Narragansett Bay Commission owns and operates Rhode Island’s two largest wastewater treatment plants along with an extensive infrastructure of interceptors, pump stations, tide-gates and combined sewer overflows. The location of the two wastewater treatment facilities is shown on the map below:

Bucklin Point

The Bucklin Point Wastewater Treatment Facility was constructed by the former Blackstone Valley District Commission (BVDC), established by the Rhode Island General Assembly in 1947 to service the Blackstone Valley area. State legislation effectuated the merger of BVDC into NBC on January 1, 1992.

The facility provide secondary treatment and nitrogen removal for flows of up to 46 MGD and wet weather treatment for flows up to 116 MGD.

The NBC also owns and operates three pump stations in the Bucklin Point Service Area including the Omega Pump Station (East Providence), Saylesville Pump Station (Lincoln) and Washington Highway Pump Station (Lincoln). The NBC maintains 12 permanent monitoring stations in to measure flow from these tributary communities.

The NBC owns and maintains 30 miles of interceptors and is also responsible for 26 Combined Sewer Overflows in the Bucklin Point Service Area.

Field's Point

Constructed in 1901 and reconstructed in the 1980s, the Field's Point Wastewater Treatment Facility (FPWWTF) provides secondary treatment and nitrogen removal for flows of up to 77 million gallons per day (MGD), and primary treatment and disinfection for an additional 123 MGD of wet weather flows. Total treatment capacity at the FPWWTF is 200 MGD.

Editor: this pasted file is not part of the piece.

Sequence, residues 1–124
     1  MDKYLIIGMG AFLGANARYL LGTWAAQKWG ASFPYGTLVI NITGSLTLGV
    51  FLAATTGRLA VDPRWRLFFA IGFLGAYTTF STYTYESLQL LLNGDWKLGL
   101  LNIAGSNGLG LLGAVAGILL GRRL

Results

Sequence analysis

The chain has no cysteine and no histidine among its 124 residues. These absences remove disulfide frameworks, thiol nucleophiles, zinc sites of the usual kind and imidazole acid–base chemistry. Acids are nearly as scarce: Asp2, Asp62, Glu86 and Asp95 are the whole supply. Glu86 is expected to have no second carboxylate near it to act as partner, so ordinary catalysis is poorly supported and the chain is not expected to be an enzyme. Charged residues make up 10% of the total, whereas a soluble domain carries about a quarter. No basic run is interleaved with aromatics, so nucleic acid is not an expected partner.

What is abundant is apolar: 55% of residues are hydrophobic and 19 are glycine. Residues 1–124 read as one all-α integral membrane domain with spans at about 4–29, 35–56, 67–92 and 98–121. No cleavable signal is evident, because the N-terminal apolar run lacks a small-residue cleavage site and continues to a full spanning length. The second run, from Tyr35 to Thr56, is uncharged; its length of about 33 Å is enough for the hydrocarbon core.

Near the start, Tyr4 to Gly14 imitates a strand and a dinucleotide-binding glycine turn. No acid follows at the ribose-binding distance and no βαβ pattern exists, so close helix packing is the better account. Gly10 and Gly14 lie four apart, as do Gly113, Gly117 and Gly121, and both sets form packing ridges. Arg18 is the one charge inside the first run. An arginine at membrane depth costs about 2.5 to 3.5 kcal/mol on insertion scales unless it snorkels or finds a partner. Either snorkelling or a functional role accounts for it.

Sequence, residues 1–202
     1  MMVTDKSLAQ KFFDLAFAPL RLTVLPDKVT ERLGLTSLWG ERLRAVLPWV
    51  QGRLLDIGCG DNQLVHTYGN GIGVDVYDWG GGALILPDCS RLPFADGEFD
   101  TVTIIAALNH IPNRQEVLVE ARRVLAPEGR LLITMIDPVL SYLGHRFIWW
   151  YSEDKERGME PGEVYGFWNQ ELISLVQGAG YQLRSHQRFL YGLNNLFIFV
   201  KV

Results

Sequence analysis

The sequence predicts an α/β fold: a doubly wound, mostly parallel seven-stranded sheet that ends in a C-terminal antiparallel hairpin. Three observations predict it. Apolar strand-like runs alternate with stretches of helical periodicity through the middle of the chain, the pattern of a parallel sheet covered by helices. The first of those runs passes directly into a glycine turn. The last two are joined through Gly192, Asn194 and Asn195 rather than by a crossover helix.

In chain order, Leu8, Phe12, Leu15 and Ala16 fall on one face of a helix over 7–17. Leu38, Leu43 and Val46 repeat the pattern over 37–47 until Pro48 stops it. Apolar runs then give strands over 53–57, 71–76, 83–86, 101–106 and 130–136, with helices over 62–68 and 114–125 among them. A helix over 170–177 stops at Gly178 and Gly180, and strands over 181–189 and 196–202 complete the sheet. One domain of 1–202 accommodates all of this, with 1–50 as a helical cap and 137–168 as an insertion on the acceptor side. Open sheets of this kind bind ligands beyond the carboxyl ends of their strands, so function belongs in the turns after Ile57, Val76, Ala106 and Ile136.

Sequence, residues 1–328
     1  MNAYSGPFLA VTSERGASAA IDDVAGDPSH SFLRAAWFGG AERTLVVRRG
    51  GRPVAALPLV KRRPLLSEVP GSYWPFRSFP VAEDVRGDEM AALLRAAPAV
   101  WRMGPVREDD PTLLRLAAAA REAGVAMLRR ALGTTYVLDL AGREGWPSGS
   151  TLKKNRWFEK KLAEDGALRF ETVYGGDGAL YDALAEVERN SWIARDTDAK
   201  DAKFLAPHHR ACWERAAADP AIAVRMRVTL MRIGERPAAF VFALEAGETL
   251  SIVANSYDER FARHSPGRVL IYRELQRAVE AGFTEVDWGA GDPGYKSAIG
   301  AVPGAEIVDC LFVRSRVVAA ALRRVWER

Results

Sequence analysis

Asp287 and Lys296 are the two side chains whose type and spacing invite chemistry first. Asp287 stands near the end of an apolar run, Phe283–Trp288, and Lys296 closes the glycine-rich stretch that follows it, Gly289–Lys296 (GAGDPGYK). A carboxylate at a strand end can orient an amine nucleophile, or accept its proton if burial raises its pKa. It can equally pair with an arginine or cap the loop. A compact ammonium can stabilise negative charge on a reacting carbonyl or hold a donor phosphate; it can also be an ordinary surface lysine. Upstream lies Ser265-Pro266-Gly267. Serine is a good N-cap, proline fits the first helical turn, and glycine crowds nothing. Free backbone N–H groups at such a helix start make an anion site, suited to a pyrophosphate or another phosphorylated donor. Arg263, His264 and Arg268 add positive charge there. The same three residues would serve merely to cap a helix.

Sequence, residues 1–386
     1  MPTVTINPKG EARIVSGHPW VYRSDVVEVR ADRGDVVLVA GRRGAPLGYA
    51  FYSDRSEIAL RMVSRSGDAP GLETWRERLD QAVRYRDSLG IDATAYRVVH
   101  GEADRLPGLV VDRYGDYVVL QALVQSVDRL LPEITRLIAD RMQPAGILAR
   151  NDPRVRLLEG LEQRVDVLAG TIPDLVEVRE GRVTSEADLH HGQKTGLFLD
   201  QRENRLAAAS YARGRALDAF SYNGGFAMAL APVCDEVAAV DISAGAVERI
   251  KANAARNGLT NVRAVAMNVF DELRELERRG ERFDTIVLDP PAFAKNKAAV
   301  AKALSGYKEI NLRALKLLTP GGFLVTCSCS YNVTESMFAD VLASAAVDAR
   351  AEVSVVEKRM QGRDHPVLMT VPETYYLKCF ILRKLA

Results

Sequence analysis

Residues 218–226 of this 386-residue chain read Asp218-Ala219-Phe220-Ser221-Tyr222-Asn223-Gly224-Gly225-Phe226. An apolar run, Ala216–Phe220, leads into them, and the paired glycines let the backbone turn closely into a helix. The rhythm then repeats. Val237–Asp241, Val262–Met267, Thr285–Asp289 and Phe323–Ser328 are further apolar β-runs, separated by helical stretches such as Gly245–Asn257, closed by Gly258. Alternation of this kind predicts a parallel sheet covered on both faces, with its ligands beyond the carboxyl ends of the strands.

The NBC also owns, operates and maintains three outlying pump stations in the Field’s Point Service Area. The Washington Park and Reservoir Avenue Pump Stations located within the City of Providence and the Central Avenue Pump Station in Johnston. The Ernest Street Pump Station is located adjacent to the Field’s Point WWTF and handles 98% of the flow to Field’s Point.

The NBC maintains six permanent flow metering stations to measure flow from Johnston and North Providence to the FPWWTF. In addition, the NBC owns and is responsible for 38 Combined Sewer Overflows, 32 tide gates and 80 miles of interceptors in the Field’s Point Service Area. The NBC is engaged in a long-term construction program to minimize overflows from its combined sewers.

Nitrogen Removal Initiatives

The Narragansett Bay Commission has significant initiatives related to nitrogen removal at both the Field’s Point and Bucklin Point Wastewater Treatment Facilities. These projects are required by Consent Agreements with the Rhode Island Department of Environmental Management (RIDEM). The Consent Agreements require NBC to provide nitrogen removal at both Treatment Facilities in order to meet a seasonal (May to October) nitrogen limit of 5 mg/l. Since 2009, the NBC has reduced nitrogen in wastewater effluent by over 50%.

Field's Point

The Biological Nitrogen Removal (BNR) facilities at Field’s Point include modifications to the ten existing aeration tanks, storage tanks and pumps for chemicals to adjust pH and to provide additional carbon, energy efficient blowers to provide more air to the aeration tanks, influent pumps to the aeration tanks, instrumentation to control the BNR process and upgrades to the computer control system. The modifications to the aeration tanks include subdividing each tank into a series of aerated and non-aerated (anoxic) zones to provide nitrification and denitrification. Nitrification occurs in the aerated portion of the tank using an innovative method known as the Integrated Fixed Film Activated Sludge (IFAS) process. In this process, small engineered plastic media are suspended in the wastewater to provide a site for a biofilm to grow on and within the structure of the media. The bacteria in the biofilm convert ammonia to nitrate which is then converted to nitrogen gas in the anoxic zone. Field's Point is the largest application of this technology in the world.

Bucklin Point

At Bucklin Point, the NBC achieves the 5 mg/l limit via modified aeration tanks which provide additional anoxic and aeration zones as well as additional mixers and instrumentation, and new chemical storage tanks and pumps to provide additional carbon.